An old privacy model in which websites gave consumers notice about what information they were collecting and allowed them to opt out isn't working in an age of "unprecedented" online tracking, a member of the U.S. Federal Trade Commission said Monday.
The FTC will continue to push for a universal, persistent mechanism that allows Web surfers to stop websites and applications from tracking them, said Commissioner Julie Brill. The universal do-not-track mechanism should apply to mobile devices and applications as well as traditional websites, she said during a speech at the Center for American Progress in Washington, D.C.
Web-based companies are "harvesting and trading in information about where we are, what we do, who we meet and what we buy," Brill said. "The amount of tracking of an individual's behavior online -- what sites she visits, what ads she clicks on, what she says when she chats and where she wanders through the day -- is unprecedented."
Brill didn't advocate for new laws to enforce a do-not-track mechanism, but she called on mobile carriers and app providers to support do-not-track mechanisms that the FTC first suggested in December 2010. "This branch of the information superhighway is in desperate need of basic reform," she said.
Much of the online tracking is invisible to consumers, resulting in privacy concerns, Brill said. The FTC's notice-and-choice model for consumer control of their online privacy, adopted in the 1990s, is outdated in the face of increasingly sophisticated tracking techniques, she said.
"The theory is sound, but it has proven unworkable," Brill said. "It is not reasonable to expect consumers to read and understand privacy policies, most about as long and as clear as the Code of Hammurabi, especially when all that stands between them and buying that new flat-screen TV or downloading the latest version of Angry Birds is clicking the little box that says, 'I consent.'"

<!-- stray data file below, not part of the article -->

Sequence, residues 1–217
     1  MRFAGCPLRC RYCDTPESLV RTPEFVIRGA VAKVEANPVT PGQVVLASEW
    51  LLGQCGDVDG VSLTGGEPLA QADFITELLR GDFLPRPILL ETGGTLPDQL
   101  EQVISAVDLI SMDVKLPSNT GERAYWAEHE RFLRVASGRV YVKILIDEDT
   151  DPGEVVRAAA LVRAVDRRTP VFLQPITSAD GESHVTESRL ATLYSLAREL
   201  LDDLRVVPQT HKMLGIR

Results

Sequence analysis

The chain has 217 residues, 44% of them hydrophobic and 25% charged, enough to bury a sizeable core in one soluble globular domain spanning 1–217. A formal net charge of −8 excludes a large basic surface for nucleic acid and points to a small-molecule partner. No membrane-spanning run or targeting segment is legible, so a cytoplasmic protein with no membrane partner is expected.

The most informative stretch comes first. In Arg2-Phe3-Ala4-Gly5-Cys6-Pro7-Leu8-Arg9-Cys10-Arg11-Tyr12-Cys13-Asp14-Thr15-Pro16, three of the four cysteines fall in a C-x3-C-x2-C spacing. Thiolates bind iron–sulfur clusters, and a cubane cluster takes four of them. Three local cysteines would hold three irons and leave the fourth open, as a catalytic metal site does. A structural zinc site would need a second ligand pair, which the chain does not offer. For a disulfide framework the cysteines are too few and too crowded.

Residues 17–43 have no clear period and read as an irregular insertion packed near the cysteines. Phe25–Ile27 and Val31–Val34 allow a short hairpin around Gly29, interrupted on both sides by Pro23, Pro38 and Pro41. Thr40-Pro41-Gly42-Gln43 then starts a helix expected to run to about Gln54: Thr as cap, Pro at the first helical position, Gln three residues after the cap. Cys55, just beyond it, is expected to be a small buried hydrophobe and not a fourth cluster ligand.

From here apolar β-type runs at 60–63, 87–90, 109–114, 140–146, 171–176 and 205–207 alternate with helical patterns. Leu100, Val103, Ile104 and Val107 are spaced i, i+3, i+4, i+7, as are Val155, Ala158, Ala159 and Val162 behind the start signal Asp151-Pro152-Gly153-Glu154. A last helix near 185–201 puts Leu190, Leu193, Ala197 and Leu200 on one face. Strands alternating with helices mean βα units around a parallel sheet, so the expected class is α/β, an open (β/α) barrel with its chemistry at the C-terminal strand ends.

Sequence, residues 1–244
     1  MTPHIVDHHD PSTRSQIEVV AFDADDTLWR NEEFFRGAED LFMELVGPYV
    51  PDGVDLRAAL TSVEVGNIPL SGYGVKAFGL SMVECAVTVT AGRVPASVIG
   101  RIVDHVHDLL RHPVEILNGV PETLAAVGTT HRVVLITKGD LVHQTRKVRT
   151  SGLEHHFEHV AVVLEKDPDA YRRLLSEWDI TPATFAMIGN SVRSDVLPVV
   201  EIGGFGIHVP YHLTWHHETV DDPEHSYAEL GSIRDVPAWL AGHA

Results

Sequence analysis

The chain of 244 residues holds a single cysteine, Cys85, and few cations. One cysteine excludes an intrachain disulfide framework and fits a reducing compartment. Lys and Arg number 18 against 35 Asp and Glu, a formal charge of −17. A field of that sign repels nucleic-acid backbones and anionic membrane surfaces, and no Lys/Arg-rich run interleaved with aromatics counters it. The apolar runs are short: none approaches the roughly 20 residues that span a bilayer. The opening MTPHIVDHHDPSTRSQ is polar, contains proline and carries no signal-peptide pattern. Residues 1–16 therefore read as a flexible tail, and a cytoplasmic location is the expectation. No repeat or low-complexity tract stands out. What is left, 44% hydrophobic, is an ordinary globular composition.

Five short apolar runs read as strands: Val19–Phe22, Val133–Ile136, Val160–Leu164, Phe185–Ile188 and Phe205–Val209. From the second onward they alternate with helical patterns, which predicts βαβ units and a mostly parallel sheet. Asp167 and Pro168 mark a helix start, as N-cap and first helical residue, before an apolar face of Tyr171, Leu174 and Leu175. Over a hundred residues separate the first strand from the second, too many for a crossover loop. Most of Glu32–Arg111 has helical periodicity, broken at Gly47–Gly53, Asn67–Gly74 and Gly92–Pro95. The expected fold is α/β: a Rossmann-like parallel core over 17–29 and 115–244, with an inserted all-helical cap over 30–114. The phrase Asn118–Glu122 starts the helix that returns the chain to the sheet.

One privacy advocate at the event called for additional steps to protect online privacy. Websites shouldn't be allowed to track children and teens, and the Internet industry should pay for a comprehensive public awareness and education campaign about online privacy, said Jim Steyer, founder and CEO of Common Sense Media, an advocacy group focused on child-friendly media and technology.
The Internet industry should also pay for a mechanism that would allow a Web user to erase online information about himself, including information posted about him by other people, Steyer said.
There are currently few rules governing the tracking of children online, Steyer said. "It's essentially a wild, wild West environment," he said.
In May, U.S. Representatives Ed Markey, a Massachusetts Democrat, and Joe Barton, a Texas Republican, introduced the Do Not Track Kids Act, which would prohibit websites from delivering targeted marketing to children based on tracking and would establish an "erasure button" allowing children to eliminate online personal information about them when technically feasible.
But privacy lawyer Chris Wolf, co-director of the Future of Privacy Forum, noted that several groups have criticized the bill for being overly broad. The legislation could lead to colleges and music groups being prohibited from sending e-mail messages to teens, he said.
An eraser button may not be technically possible, added Ed Felton, the FTC's CTO. A website should be able to delete all the information about a user when a user cancels his membership, but it would be difficult for a someone to erase all information about himself across the Web, he said. Designing a technology-based eraser button would be a "head scratcher," Felton said.
Grant Gross covers technology and telecom policy in the U.S. government for The IDG News Service. Follow Grant on Twitter at GrantGross. Grant's e-mail address is email@example.com.